I was at the gym with my friend, taking a kickbox cardio class. Near the end of the class, the instructor said something that stuck with me: “You didn’t come this far to only come this far.” I’d seen the quote on Pinterest before, but it was different hearing it in that moment, when I was exhausted and sweaty and willing the clock to go faster so the class would be over. I had worked hard during the class, and I hearing that quote made me realize that I didn’t put in all that effort to give up in the last ten minutes, no matter how tired I was.

The more I thought about the quote, the more inspired I became by it. When, a few days ago, I was almost done checking off all of the items on my to-do list and was tempted to skip the last task, I reminded myself that I didn’t come that far to stop there. When I thought about the fact that I’m almost done high school, I reminded myself that I’ve come so far and am not done yet: I still have a few months to work hard and finish strong. I didn’t come this far to only come this far. In other words, it’s not over until it’s over.

Imagine you’ve finished 80% of a project. That 80% was made up of your best efforts, and it was hard work. You might feel inclined to put less effort towards the remaining 20% required to finish the project, since you’ve already worked so hard. But you didn’t work so hard for that 80% to skimp on the last part of your project – and it’s often that last 20% that’s the most important. It’s the last paragraph of your essay, neatly tying everything together. It’s Friday, ensuring you end your week on a happy (and productive) note. It’s the last sequence before the cool-down in an intense class at the gym. It’s the culmination of all of your hard work, and you shouldn’t throw it away.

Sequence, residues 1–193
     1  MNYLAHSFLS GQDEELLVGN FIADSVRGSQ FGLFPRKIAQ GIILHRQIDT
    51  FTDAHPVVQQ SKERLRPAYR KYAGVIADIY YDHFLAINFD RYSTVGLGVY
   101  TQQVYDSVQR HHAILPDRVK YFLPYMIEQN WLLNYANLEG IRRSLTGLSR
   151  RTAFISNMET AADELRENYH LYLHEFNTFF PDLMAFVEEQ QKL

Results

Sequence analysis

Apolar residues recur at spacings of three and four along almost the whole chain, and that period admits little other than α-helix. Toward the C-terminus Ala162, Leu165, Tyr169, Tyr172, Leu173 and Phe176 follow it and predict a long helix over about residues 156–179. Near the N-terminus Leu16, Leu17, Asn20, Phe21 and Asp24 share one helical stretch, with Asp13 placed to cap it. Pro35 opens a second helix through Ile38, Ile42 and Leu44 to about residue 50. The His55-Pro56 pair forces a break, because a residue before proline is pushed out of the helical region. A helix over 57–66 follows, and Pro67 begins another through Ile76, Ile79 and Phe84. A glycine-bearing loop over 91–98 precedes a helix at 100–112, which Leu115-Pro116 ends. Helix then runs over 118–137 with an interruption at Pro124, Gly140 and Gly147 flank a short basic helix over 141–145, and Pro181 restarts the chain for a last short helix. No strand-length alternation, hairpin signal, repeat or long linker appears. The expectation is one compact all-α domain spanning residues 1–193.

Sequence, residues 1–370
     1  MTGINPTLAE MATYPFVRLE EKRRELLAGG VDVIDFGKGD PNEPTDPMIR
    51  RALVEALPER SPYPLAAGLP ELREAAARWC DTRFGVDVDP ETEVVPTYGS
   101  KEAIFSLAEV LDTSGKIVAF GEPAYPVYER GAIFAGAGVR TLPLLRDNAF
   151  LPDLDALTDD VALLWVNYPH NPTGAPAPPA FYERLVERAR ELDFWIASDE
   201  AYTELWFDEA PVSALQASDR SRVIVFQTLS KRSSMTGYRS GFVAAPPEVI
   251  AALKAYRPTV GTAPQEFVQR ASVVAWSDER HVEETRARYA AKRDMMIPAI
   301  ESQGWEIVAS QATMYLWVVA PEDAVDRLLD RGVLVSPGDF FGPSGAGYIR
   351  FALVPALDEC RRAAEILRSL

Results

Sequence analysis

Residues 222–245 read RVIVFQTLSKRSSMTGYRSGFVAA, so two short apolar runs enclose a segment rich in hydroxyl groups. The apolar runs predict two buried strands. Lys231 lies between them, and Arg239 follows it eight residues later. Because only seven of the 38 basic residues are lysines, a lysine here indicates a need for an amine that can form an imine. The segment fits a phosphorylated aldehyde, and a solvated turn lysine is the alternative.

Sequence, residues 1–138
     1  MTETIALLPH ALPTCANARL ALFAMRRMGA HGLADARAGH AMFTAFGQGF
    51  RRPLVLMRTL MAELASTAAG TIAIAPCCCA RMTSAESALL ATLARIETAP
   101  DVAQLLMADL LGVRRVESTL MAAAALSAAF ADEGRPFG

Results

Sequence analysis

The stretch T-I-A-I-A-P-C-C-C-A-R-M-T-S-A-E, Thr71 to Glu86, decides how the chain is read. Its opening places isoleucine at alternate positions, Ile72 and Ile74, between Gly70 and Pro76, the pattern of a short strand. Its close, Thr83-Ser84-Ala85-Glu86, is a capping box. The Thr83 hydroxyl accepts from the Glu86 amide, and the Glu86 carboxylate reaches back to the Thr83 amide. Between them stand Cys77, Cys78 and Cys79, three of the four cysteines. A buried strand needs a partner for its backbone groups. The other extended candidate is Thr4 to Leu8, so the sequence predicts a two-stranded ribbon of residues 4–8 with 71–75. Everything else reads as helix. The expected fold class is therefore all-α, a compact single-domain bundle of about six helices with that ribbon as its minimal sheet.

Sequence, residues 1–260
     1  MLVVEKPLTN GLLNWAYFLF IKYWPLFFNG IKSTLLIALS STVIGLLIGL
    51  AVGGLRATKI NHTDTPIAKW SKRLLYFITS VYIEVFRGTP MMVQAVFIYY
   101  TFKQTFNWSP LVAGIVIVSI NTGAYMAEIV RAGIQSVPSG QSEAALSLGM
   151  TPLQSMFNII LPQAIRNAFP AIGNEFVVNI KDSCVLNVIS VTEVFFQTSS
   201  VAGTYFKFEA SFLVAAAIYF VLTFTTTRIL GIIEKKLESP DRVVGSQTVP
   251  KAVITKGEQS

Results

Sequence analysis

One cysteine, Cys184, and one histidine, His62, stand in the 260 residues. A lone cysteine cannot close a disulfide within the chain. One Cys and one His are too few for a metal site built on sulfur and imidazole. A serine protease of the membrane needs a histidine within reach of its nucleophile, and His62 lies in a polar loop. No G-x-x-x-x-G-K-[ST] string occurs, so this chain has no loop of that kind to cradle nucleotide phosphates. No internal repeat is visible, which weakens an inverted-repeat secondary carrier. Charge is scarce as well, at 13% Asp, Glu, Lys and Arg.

In our fast-paced, results-driven society, I sometimes feel like there’s so much emphasis on reaching the finish line that the journey of the race gets muddled. When we near the end we speed up, despite the steady pace we maintained throughout the race. Sometimes when we see the finish line, the quality of our work becomes less important than the idea of finishing it. We see that there are five minutes left in the exam and suddenly we’re scribbling down anything that comes to mind. We notice that we’re almost done everything on our to-do list and we begin to get distracted. We’re almost done, so we figure that can stop working hard. When we have this mentality, we put less effort towards the last 20%;  meaning we jeopardize the hard work we put into the 80%.

In fact, there are even times when we get close to the finish line and give up. It’s easier, we may think, to stop what we’re doing than to work hard and finish it. Let’s say that the aforementioned project which you’ve finished 80% is a novel. You’re tired, or you’ve lost your motivation, and because of this, even though you’re close to finishing it, you give up. You didn’t write 80% of the novel to give up because you don’t want to work hard to finish it. You wrote 80% of the novel to keep going, to push through the frustration and to work hard so you can accomplish what you’ve already made so much progress towards.

When you work really hard for something, you should finish it the same way you started it: by working hard, not rushing towards the finish line, and not considering giving up unless it’s absolutely necessary. After all, you didn’t come this far to only come this far.